On the morning of Thursday, April 10, 2003, Donald Rumsfeld’s Pentagon prepared a top-secret briefing for George W. Bush. This document, known as the Worldwide Intelligence Update, was a daily digest of critical military intelligence so classified that it circulated among only a handful of Pentagon leaders and the president; Rumsfeld himself often delivered it, by hand, to the White House. The briefing’s cover sheet generally featured triumphant, color images from the previous days’ war efforts: On this particular morning, it showed the statue of Saddam Hussein being pulled down in Firdos Square, a grateful Iraqi child kissing an American soldier, and jubilant crowds thronging the streets of newly liberated Baghdad. And above these images, and just below the headline secretary of defense, was a quote that may have raised some eyebrows. It came from the Bible, from the book of Psalms: “Behold, the eye of the Lord is on those who fear Him…To deliver their soul from death.”
This mixing of Crusades-like messaging with war imagery, which until now has not been revealed, had become routine. On March 31, a U.S. tank roared through the desert beneath a quote from Ephesians: “Therefore put on the full armor of God, so that when the day of evil comes, you may be able to stand your ground, and after you have done everything, to stand.” On April 7, Saddam Hussein struck a dictatorial pose, under this passage from the First Epistle of Peter: “It is God’s will that by doing good you should silence the ignorant talk of foolish men.” [continued…]
The history books will record that the so-called Sunni Awakening—when many of Iraq’s Sunni tribes, in return for money and other considerations, began cutting deals with American forces and turned away from their nationalist insurgency—got under way in late 2006. The Sunni tribes, concentrated in Anbar province, had long been the backbone of the insurgency. In the Iraq of Saddam Hussein, Sunni Arabs had exercised a domination far out of proportion to their numbers (some 20 percent of the population), and after the American-led invasion, suddenly excluded from power and influence, they exacted a bloody revenge. After the Awakening, the Sunnis helped obliterate al-Qaeda’s networks in most of Sunni Iraq, a development that many believe did more to dampen the violence than the subsequent “surge” in American troop numbers. Having reached a peak in 2006 and early 2007, the casualty rates for combatants and civilians quickly plummeted.
What the history books should also record, revealed here for the first time, is that the Sunni insurgents had offered to come to terms with the Americans 30 months earlier, in the summer of 2004, during secret talks with senior U.S. officials and military commanders. The Sunnis were gathered by an Iraqi named Talal al-Gaaod, a Sunni sheikh and wealthy businessman based in the Jordanian capital, Amman. The American officials included Jerry H. Jones, then a special assistant to Secretary of Defense Donald Rumsfeld and later serving as an expert on transitional government to Rumsfeld’s successor, Robert Gates; the late ambassador Evan Galbraith, Rumsfeld’s special envoy to Europe; Colonel Mike Walker, the head of civil affairs for the Marine Corps in Iraq; and James Clad, then a counselor to the Overseas Private Investment Corporation (which was seeking to foster economic development in Iraq) and later the Pentagon’s deputy assistant secretary for South and Southeast Asia. These men were desperate to pursue the Sunni contacts, and took serious risks with their own careers in order to do so. They were supported by officers close to the top of the U.S. military, including Lieutenant General James T. Conway, then the Marine Corps commander in Iraq and today the commandant of the Corps. For a variety of reasons, some of them petty, some of them ideological, and some of them still obscure, these men were blocked by superiors in the State Department, the Pentagon, and the White House. [continued…]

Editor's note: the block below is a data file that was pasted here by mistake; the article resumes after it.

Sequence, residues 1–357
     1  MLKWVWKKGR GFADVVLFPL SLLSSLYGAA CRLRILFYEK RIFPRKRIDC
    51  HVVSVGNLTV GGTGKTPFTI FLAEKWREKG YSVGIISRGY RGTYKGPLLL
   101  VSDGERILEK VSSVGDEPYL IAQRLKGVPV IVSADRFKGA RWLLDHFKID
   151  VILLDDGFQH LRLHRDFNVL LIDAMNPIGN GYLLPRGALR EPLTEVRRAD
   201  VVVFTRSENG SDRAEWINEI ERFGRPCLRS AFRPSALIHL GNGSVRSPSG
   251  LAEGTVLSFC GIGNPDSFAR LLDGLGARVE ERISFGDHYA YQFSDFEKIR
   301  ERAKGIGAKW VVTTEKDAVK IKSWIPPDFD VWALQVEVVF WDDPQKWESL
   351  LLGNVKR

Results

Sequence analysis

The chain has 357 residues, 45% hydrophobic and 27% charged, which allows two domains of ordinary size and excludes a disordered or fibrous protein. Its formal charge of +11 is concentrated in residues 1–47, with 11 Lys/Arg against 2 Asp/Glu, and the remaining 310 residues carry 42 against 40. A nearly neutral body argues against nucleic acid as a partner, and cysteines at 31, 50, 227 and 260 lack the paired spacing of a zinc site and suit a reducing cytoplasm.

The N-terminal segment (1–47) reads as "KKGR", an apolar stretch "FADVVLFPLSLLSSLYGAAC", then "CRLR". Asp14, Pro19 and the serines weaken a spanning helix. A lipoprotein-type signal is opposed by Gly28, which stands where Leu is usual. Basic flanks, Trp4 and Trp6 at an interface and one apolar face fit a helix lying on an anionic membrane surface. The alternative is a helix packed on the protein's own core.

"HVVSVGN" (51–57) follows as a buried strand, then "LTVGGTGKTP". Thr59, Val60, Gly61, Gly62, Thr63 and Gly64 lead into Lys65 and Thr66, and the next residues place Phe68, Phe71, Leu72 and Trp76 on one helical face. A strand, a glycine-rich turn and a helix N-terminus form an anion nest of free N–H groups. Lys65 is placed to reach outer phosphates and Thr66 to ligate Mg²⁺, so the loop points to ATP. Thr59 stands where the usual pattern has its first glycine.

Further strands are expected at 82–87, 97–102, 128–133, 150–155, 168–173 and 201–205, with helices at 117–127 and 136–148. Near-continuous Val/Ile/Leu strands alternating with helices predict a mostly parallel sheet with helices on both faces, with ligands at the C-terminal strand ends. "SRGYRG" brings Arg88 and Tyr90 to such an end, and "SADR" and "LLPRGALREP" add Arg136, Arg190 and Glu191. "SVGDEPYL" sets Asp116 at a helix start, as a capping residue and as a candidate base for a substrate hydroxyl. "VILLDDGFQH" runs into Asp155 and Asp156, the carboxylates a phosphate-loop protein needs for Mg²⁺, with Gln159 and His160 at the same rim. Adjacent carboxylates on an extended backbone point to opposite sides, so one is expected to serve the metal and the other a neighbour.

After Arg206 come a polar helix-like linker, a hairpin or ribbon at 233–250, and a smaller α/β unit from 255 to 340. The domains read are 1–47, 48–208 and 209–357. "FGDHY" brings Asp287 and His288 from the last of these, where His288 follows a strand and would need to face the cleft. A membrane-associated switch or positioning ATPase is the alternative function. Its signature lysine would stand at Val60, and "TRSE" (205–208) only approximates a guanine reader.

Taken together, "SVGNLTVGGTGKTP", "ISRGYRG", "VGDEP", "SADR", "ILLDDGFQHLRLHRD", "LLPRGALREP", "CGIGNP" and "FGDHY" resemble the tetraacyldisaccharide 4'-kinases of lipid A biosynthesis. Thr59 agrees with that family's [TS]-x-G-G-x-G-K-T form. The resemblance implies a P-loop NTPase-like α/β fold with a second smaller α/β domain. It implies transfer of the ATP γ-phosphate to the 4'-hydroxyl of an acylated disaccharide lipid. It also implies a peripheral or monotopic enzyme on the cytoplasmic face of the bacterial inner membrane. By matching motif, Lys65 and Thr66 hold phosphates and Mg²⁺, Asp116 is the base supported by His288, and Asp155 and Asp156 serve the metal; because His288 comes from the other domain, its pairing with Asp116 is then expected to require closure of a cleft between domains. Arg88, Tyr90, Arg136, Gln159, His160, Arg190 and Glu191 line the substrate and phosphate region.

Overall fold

Troops from the US Marines Corps’ Special Operations Command, or MarSOC, were responsible for calling in air strikes in Bala Boluk, in Farah, last week – believed to have killed more than 140 men, women and children – as well as two other incidents in 2007 and 2008. News of MarSOC’s involvement in the three incidents comes just days after a Special Forces expert, Lieutenant-General Stanley McChrystal, was named to take over as the top commander of US and Nato troops in Afghanistan. His surprise appointment has prompted speculation that commando counterinsurgency missions will increase in the battle to beat the Taliban.
MarSOC was created three years ago on the express orders of Donald Rumsfeld, US defence secretary at the time, despite opposition from within the Marine Corps and the wider Special Forces community. An article in the Marine Corps Times described the MarSOC troops as “cowboys” who brought shame on the corps.
The first controversial incident involving the unit happened just three weeks into its first deployment to Afghanistan on 4 March 2007. Speeding away from a suicide bomb attack close to the Pakistan border, around 120 men from Fox Company opened fire on civilians near Jalalabad, in Nangahar province. The Marines said they were shot at after the explosion; eyewitnesses said the Americans fired indiscriminately at pedestrians and civilian cars, killing at least 19 people. [continued…]
FBI interrogator, Ali Soufan: The interrogator uses a combination of interpersonal, cognitive and emotional strategies to extract the information needed. If done correctly, this approach works quickly and effectively, because it outsmarts the detainee using a method that he is not trained nor able to resist. The Army Field Manual is not about being soft. It’s about outwitting, outsmarting and manipulating the detainee.